Once upon a time I was not a sleep deprived father of four.  And back then someone once explained to me how things change as you have more children.  “Take spoons,” they said. “If you’re feeding your first baby with a spoon and it falls on the floor, you sterilise it, and get a freshly sterilised spoon out.  If it’s your second baby, you just pick the spoon up, give it a lick, and carry on feeding the baby.  If it’s your third, you pick the spoon up, let the dog lick it, and carry on feeding the baby.”

At the time I thought they were joking. I have reconsidered this viewpoint since.  We don’t have a dog, but I now have no reason to believe that this was an exaggeration in any way.

Lost and found

But there are some fields where even I have to adopt a stricter approach, as is the case with the lost toothbrush.

Let me explain.  Many months ago, Elías lost his toothbrush.  We asked where it was and he explained – as if we were a little dull – that it was in the garden.  We looked, but try as we might, we could not find it…

A few days ago, however, I was sitting in the lounge, sipping coffee, when Oliver burst in exclaiming “I got it! I got it!”

“Got what?” I enquired.  (But you’re way ahead of me)

“The toothbrush!  It’s been stuck inside the leg of the sand-table!”

Now, let us be realistic.  The toothbrush was in the state you’d expect for one stuck in the leg of a sand-table for months on end.  It was infused with bits of grass and sand and moss and mould.  It was covered with mud and sludge and slime and goo.  It was putrid.  It was fetid.  It stank.  And slugs had been slithering on it.

Forget my laissez-faire approach to using spoons when they fall on the floor.  This was not a toothbrush that was going in anybody’s mouth.  You could wash it.  You could sterilise it.  But nothing was ever going to take away the image of that dripping, rank and vile object that Oliver held proudly aloft.  And, I suspect, nothing was ever going to take away the taste…

Past and future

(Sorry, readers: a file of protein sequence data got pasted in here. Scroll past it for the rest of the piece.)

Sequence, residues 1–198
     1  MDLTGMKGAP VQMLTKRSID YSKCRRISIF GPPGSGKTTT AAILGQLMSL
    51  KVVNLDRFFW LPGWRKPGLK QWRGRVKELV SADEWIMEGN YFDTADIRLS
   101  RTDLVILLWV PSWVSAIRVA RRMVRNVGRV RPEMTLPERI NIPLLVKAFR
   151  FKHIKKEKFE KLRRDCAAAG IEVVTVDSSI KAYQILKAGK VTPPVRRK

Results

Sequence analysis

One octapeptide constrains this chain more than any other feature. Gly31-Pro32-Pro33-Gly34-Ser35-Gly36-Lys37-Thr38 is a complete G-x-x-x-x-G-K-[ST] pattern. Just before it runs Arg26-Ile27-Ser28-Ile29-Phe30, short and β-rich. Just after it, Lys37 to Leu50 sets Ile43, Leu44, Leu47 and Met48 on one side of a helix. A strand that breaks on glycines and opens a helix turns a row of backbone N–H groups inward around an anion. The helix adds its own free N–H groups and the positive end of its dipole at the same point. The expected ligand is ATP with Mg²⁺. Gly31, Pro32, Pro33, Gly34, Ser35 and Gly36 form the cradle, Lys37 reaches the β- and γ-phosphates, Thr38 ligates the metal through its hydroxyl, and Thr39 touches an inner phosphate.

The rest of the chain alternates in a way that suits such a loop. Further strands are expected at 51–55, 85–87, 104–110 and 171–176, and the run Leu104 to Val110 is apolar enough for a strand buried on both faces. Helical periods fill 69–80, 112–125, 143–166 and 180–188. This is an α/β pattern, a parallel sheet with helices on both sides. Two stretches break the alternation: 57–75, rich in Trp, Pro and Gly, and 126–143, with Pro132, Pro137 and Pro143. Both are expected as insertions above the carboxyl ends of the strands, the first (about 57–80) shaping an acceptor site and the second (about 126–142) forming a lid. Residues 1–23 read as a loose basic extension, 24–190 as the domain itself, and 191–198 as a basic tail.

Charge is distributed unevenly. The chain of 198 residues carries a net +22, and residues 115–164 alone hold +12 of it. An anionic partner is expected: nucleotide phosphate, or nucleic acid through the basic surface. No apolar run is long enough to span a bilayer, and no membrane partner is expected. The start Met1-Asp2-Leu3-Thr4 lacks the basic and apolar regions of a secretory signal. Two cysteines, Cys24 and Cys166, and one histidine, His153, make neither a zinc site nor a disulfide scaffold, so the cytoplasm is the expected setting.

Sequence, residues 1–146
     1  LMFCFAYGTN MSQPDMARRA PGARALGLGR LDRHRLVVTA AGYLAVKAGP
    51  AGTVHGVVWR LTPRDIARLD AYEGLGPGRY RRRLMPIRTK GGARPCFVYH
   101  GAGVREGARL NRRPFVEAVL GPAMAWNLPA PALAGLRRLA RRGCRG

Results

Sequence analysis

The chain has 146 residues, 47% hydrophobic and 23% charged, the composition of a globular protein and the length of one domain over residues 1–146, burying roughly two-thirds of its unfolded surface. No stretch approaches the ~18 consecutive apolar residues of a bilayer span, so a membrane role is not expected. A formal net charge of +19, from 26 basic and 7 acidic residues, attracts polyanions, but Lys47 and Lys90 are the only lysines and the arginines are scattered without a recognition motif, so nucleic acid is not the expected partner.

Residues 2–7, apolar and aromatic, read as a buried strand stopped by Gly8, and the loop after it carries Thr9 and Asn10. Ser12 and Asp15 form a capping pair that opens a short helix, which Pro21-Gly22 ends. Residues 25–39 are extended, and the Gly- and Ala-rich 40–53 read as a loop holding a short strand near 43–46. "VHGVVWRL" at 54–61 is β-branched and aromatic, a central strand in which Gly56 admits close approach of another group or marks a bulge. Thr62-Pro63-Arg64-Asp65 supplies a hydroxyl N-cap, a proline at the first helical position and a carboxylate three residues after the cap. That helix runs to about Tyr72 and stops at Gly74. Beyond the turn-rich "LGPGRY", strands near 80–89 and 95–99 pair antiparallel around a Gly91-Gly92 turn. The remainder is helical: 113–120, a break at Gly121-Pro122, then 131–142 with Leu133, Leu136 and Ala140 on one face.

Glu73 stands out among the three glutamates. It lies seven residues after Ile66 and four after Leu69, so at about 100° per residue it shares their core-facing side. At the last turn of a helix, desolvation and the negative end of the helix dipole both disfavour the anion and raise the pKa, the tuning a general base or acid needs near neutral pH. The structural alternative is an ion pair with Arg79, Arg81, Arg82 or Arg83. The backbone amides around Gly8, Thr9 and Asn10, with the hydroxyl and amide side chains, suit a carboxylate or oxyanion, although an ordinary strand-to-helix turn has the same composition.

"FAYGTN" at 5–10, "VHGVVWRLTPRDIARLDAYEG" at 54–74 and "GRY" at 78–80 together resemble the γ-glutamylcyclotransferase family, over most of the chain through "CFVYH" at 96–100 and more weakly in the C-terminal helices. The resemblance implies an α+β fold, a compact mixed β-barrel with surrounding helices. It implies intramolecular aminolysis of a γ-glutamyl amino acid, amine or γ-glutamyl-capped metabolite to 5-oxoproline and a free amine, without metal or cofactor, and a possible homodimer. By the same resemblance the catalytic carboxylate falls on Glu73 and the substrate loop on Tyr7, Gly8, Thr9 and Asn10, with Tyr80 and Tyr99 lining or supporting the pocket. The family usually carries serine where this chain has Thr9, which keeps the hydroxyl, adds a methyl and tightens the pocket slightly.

And suddenly I realised like never before how simply mind-boggling the thing we call “grace” is.  Most of us feel that there are things in our past which mess us up. “Grace” is what puts us right again. A few thousand years ago, the language that was used was that God washes us “whiter than snow”.  For those of us who live in the modern world, we probably think of the off-grey sludge that covers our cities for a few weeks in winter.

So let me offer this alternative: If our lives were a toothbrush then, no matter how clogged up they have become with grass and sand and moss and mould, no matter how obscured by mud and sludge and slime and goo, God washes it so clean that you’d – metaphorically – put it in your mouth again.

We’re not just picked up and dusted down a bit, with a reluctant “that’ll do”.  We are restored to being like new.  Our past – as they say – does not need to define our future.  And if we ever catch ourselves thinking we can never do something because of where we’ve been…well, if picturing a shiny new toothbrush helps, then go for it.  Because grace really is that good.


© Text and Pictures 2013 Paul Brownnutt

Creative Commons License

Being God’s Toddler by Paul Brownnutt is licensed under a Creative Commons Attribution-NonCommercial-ShareAlike 3.0 Unported License.

Today’s post is brought to you by Isaiah 1:18